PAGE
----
The Atlantic Monthly, 1857-1909: Yankee Humanism at High Tide and Ebb

By Ellery Sedgwick | Go to book overview

Notes

Introduction
1. Buell "Appendix. Vital Statistics: A Quantitative Analysis of Authorship as a Profes- sion in New England" (375-99) is very useful in gaining a clear sense of both the patterns and the diversity in the backgrounds of the New England authors.
2. For a full discussion of the concept of progressive journalism, see Christopher Wilson Labor of Words40-62.
3. Van Wyck Brooks essay "Highbrow and Lowbrow" in America's Coming of Age ( 1915) examines a split in American culture very similar to that defined by Santayana. Brooks describes a highbrow American literary culture based on "transcendental theory' out of touch with a society operating on lowbrow "catchpenny realities."

1. Founding
1. Buell's survey of New England literary history reminds us that Boston's literary ascen- dency even within New England was relatively recent in 1857 (23-55). During the early Republican period, the New Haven-Hartford axis in the lower Connecticut Valley had been the dominant voice. Evidence of the Boston-Connecticut rivalry persisted. Buell quotes a statement in the early Atlantic that "there are no poets known to exist" in Connecticut, "unless it be that well-paid band who write the rhymed puffs of cheap garments and cosmetics" (34, quoting F. Sheldon, "The Pleiades of Connecticut," Feb. 1865, 187).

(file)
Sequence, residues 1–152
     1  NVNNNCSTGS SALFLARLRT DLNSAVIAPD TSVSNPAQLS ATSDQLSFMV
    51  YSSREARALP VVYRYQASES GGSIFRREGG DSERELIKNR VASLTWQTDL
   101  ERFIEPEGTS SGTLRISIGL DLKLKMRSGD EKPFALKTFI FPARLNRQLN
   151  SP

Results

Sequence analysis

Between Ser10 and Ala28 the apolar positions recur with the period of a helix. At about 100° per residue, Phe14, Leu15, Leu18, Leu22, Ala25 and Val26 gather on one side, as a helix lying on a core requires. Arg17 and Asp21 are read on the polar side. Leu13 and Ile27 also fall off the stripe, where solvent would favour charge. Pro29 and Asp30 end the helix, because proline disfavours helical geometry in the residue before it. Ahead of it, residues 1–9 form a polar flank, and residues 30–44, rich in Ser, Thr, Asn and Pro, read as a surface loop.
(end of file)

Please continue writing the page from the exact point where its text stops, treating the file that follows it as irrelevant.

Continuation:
2. Historians of publishing generally assume three to five readers per copy of a magazine in the nineteenth century. Brodhead, for example, assumes five in estimating the Century's readership (472).
3. Mott's sketch of the Atlantic gives a balanced evaluation of the magazine's early region- alism (2: 495-98).

2. Lowell
1. Lowell's editorial staff consisted only of himself, Underwood, and an apparently infalli- ble proofreader, a Mr. Nichols. By contrast, the current Atlantic editorial staff, which produces a slightly shorter although much more varied magazine, numbers twenty-nine, not including ten contributing editors.

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